This title hit all my social networks for months. Many fans of the video game were waiting for the premiere for a long time, and Pedro Pascal next to Bella Ramsey didn’t disappoint. Definitely, the last few years have been unforgettable for Pascal who is right now one of the most prominent figures in Hollywood thanks to his roles in The Last of Us, The Mandalorian, and Game of Thrones.

In The Last of Us, this Chilean-American actor proves that choosing the best person for a role should not be limited to racial or ethnic identity. He is pitch-perfect in his interpretation of a violent man in a world terrorized by a pandemic. But Pascal isn’t merely dangerous as Joel, he also delivers an emotional and vulnerable performance too, showing his and his character’s different facets.

And Just Like That

The reboot of Sex and the City sparks mixed opinions: some love it, others not so much. The most controversial character is Che Díaz (Sara Ramírez) who arouses animosity, in part, due to the storyline in which Che replaces Steve as Miranda’s partner.

The collective hatred wasn’t just from team Steve though, it mostly related to Che’s arrogant attitude during the first season. At that time, we saw the cover of the book, but in the second season, Che explores a more human place of vulnerability, according to showrunner, Michael Patrick King and Ramírez—who is a proud non-binary Latinx like Che.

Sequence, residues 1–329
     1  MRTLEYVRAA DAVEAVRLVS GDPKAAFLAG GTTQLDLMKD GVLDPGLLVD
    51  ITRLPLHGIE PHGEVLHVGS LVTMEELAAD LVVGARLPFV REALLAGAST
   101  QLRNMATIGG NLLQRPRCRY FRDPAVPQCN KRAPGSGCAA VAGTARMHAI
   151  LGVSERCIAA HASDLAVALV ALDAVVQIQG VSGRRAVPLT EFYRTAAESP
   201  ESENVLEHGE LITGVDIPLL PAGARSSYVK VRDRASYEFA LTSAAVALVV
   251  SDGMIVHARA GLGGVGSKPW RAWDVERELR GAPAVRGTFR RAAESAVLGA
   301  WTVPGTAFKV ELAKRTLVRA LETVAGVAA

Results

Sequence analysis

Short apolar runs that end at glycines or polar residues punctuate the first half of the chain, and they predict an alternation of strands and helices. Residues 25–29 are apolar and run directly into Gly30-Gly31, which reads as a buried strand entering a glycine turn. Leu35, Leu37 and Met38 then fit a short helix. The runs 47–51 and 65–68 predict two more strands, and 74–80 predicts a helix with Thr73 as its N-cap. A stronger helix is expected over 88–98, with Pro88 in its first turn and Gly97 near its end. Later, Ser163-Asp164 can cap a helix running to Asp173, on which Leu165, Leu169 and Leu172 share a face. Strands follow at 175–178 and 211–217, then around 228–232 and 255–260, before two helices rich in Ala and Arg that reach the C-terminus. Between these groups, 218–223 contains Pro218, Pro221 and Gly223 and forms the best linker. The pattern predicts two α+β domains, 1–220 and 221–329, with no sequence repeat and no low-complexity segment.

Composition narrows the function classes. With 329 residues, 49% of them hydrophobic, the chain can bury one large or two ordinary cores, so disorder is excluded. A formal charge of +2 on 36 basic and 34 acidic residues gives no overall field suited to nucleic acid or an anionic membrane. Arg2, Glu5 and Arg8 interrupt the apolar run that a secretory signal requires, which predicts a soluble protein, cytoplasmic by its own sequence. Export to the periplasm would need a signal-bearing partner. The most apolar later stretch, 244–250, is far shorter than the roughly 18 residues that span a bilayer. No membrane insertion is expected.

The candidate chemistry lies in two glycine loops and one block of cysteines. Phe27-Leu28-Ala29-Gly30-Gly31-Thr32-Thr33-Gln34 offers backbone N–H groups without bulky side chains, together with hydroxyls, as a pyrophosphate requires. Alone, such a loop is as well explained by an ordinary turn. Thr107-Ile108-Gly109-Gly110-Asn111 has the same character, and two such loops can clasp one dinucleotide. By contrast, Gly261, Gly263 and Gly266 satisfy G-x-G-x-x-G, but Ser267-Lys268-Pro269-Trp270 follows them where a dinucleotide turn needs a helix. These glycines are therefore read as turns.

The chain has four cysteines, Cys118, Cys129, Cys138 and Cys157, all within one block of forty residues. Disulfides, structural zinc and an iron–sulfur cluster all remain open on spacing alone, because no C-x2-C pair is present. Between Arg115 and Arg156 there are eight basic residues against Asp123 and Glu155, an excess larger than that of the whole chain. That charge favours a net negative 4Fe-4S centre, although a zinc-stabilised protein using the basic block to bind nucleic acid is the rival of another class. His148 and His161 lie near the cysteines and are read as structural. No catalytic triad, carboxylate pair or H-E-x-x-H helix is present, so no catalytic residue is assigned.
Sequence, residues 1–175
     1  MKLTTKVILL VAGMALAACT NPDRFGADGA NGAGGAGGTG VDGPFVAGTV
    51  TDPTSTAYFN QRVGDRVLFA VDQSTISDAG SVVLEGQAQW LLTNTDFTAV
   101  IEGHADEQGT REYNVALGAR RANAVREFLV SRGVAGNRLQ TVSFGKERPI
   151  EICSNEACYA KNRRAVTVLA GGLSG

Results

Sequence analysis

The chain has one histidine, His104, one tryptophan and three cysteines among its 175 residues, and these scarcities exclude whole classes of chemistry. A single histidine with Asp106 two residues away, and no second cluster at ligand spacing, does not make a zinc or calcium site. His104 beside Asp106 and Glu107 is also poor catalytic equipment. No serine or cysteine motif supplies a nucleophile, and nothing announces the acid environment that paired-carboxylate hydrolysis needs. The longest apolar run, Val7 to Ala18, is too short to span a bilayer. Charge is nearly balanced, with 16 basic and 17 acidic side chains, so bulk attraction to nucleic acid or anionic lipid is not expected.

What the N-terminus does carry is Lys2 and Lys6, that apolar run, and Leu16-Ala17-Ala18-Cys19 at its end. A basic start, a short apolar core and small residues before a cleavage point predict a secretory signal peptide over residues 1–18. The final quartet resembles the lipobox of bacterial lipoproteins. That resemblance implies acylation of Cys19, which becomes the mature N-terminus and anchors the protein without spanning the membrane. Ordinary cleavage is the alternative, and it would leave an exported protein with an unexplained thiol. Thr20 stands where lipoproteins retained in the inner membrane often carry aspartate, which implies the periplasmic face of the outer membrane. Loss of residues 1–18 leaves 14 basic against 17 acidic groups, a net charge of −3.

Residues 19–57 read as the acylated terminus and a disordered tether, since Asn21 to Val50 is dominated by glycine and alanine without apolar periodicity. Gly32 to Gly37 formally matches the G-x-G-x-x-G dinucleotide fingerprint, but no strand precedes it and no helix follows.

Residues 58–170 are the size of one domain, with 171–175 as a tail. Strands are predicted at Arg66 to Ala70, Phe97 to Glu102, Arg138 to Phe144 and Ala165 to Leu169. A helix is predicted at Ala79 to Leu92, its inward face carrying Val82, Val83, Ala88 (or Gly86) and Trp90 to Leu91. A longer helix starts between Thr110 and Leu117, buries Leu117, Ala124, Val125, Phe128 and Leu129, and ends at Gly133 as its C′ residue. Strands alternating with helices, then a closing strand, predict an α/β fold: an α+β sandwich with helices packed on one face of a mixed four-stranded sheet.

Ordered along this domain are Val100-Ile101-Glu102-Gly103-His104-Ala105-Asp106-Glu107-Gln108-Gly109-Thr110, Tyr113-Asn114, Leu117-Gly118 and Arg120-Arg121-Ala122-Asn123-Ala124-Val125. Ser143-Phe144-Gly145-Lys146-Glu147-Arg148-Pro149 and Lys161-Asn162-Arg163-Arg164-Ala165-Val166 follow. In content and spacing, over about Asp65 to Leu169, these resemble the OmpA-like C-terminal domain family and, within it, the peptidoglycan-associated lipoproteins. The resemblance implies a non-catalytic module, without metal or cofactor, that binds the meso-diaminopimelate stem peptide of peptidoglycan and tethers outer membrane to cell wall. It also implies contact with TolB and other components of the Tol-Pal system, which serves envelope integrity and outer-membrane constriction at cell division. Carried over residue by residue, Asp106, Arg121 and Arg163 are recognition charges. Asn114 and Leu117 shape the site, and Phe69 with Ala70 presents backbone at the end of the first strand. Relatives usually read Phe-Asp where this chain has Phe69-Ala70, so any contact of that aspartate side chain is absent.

Beyond the feelings you have about the character, this inclusive storytelling is igniting conversations and putting a spotlight on communities underrepresented on screen before.

Florida Man

Florida Man. (L to R) Edgar Ramírez as Mike Valentine, Abbey Lee as Delly West, Anthony LaPaglia as Sonny, Leonard Earl Howze as Ray Ray in episode 103 of Florida Man. Cr. Jackson Lee Davis/Netflix © 2023

Inspired by the famous meme, Florida Man has been described by some critics as chaotic, but should I repeat that it is inspired by the meme about bizarre Florida news? Well, going in, you should know that the characters go through absurd, hilarious, and very entertaining situations, which is why it stayed number one on Netflix for several weeks.

The series starring Edgar Ramírez moves between different genres with a great pace, dropping little references to memes every so often. Its eccentric origin made it stand out among a large number of 2023 Latinx productions—even in a great year for Ramírez, who at the end of December will be starring in season two of Dr. Death, another highly anticipated series.

Poker Face

POKER FACE -- “The Hook” Episode 110 -- Pictured: (l-r) Natasha Lyonne as Charlie Cale, Benjamin Bratt as Cliff Legrand -- (Photo by: Peacock)

This show about a woman who has the innate ability to detect lies is from Knives Out creator, Rian Johnson, so expect a similar portion of mystery and unresolved murders.

Actor Benjamin Bratt, who has Quechua roots on his mother’s side, is one of the recurring actors and plays a major role in the mysteries as he keeps chasing the main character played by Natasha Lyonne. He is a villain who brilliantly assumes perversity—making Bratt’s turn as the smarmy villain a critical part of turning Poker Face into a cult series.